1/12/17

A fond memory....

 In 1897 the Chesapeake & Ohio Railway Employee Hospital was formed in Huntington, WV. It was built so railroad employees could receive pre-paid hospital care that was covered by all railroad employees paying monthly fees.The system worked well for decades but by the 1960s it faced two problems: First, the increasing availability of medical care negated the need for C&O employees to travel so far for hospitalization. Second, the end of rail passenger service meant C&O employees no longer could use free passes to travel to the hospitals in Huntington or Clifton Forge. Reluctantly, the association was forced to close its hospitals.

In 1971, the old building was put to new use as Doctors' Memorial Hospital, a community hospital named in honor of three Huntington doctors - H.D. "Pete" Proctor, Ray R. Hagley and Joseph E. Chambers - who were killed in the 1970 Marshall University plane crash.

In 1974, a private non-profit bought Doctors' Memorial so the building could be used by MU's then-new medical school. When new facilities were constructed at the VA Medical Center and Cabell Huntington Hospital, the med school moved out. In 2001, the vacant building was demolished so the site could be used for student parking.



Now you might wonder why this piece of history is important to me? Because when my cousin, Patty, and I were around 15 or 16 I became Candy Stripers for the Doctor's Memorial Hospital. I have such wonderful memories of those days. I think we went there on Saturday's if I remember correctly. We took the snack cart around to all the floors and all the rooms to see if anyone needed any snacks. We also delivered mail and flowers to individual rooms. We had such an amazing time there and felt such compassion for all the patients. Having loved doing that, I've often missed those days and wonder why I never looked to the medical field for a career? Who knows. I just know that those were some wonderful memories from my youth. And I remember I loved my candy striper uniform with those big pockets.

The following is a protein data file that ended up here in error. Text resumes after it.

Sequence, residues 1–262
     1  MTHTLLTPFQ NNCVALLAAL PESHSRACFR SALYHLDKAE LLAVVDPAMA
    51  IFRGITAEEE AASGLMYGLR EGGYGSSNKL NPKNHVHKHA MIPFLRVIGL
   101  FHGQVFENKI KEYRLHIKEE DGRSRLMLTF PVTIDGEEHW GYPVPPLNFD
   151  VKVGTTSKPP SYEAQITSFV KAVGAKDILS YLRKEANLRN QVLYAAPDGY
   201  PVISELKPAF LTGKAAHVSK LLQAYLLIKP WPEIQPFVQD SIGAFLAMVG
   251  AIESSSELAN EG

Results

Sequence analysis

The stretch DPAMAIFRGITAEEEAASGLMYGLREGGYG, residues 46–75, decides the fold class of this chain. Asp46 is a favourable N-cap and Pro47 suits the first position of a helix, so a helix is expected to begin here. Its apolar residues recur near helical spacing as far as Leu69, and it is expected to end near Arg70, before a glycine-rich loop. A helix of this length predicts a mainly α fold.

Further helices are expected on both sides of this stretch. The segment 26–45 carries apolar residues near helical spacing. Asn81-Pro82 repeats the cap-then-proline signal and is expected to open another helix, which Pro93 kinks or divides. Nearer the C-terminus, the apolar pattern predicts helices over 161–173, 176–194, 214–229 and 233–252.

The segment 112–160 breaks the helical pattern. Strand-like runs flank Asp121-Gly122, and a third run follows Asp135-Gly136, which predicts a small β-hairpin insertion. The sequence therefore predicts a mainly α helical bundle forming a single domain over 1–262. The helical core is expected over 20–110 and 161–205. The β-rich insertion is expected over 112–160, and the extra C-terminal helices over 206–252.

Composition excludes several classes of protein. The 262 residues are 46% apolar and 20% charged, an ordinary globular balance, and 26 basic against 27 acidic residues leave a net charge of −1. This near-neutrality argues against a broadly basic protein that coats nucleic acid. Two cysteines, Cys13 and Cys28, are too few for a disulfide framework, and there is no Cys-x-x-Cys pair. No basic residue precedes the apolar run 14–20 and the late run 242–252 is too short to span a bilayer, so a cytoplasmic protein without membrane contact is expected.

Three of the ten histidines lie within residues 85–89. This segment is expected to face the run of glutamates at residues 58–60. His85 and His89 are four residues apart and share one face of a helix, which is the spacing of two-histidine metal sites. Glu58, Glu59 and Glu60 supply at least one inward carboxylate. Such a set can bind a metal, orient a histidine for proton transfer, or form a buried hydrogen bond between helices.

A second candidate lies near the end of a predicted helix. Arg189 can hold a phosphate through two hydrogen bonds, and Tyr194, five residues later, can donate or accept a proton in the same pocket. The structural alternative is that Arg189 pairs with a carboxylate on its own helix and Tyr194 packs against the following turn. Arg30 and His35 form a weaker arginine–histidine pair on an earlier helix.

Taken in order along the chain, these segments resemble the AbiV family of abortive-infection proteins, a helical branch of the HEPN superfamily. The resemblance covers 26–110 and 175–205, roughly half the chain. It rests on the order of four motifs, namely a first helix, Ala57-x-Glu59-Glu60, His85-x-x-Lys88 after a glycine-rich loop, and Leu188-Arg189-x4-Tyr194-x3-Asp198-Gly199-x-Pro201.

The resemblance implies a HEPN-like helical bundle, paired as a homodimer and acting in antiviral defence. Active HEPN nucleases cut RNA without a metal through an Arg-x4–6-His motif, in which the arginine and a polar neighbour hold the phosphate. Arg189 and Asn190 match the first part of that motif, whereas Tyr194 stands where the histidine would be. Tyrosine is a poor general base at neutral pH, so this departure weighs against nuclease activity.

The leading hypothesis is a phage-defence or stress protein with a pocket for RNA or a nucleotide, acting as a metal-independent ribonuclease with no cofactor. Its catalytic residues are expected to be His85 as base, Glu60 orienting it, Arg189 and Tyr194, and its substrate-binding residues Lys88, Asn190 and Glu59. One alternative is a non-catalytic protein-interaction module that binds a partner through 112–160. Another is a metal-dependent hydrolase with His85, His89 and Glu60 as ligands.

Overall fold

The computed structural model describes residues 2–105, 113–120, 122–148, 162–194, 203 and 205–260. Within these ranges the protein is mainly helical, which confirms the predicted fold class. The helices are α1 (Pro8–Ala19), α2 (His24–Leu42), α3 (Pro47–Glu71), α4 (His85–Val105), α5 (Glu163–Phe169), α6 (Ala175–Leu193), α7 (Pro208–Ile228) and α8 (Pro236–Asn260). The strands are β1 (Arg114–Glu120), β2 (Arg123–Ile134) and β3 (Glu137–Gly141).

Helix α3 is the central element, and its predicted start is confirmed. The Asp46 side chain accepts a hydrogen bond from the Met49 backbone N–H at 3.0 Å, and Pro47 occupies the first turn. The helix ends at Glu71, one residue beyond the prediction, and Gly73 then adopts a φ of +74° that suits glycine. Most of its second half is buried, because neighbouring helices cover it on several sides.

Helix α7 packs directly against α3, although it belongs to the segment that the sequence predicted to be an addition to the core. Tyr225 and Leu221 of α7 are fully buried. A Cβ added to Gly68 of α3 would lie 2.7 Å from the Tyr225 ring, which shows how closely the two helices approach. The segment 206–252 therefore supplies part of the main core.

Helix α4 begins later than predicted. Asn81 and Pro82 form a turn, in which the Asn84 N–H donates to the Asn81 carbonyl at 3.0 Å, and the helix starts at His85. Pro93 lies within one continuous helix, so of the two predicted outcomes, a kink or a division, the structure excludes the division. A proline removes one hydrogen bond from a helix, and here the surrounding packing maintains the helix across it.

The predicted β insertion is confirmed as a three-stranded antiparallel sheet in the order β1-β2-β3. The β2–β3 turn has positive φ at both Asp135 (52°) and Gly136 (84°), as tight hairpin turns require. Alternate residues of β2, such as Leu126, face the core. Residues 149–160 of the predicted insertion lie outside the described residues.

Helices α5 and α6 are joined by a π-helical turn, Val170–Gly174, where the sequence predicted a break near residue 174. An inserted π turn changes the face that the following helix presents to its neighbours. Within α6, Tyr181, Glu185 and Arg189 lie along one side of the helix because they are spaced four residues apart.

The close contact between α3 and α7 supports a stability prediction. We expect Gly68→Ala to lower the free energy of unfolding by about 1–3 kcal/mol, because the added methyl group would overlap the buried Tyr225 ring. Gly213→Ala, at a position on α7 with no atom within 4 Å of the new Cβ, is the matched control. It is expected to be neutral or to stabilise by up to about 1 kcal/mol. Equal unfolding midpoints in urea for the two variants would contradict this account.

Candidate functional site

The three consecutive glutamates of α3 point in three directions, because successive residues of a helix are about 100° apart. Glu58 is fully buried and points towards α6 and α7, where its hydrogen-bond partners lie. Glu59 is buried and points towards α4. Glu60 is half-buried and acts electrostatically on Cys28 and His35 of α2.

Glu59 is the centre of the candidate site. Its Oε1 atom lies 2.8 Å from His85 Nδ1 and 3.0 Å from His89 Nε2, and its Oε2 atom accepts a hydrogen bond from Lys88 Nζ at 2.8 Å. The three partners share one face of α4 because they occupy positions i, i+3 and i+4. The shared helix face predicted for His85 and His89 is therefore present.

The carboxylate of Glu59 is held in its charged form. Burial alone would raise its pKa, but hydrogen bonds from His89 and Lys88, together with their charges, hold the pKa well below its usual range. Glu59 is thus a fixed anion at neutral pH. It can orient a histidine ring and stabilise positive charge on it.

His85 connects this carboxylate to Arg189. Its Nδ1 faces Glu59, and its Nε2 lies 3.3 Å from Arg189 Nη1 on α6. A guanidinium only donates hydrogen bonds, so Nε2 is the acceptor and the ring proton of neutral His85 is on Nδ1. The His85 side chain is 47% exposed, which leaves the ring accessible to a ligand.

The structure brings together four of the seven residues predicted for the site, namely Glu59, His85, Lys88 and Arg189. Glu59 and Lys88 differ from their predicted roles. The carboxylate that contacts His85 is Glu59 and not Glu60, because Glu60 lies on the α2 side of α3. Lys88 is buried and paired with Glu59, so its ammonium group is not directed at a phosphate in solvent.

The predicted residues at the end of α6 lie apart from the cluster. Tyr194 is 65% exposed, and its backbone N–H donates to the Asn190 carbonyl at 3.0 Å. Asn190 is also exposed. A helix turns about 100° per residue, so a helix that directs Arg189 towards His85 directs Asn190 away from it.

1 comments:

Terri D said...

This is a very interesting, historical post, Brenda! How great that you were a Candy Striper! Bless you (and all) for volunteering your time to bring comfort to people in pain and discomfort! Back then, people were in the hospital for days instead of hopping off the surgical table and heading on home like they do today. Our hospital doesn't have a Candy Striper program. Kind of sad that liability issues have put a stop to human compassion.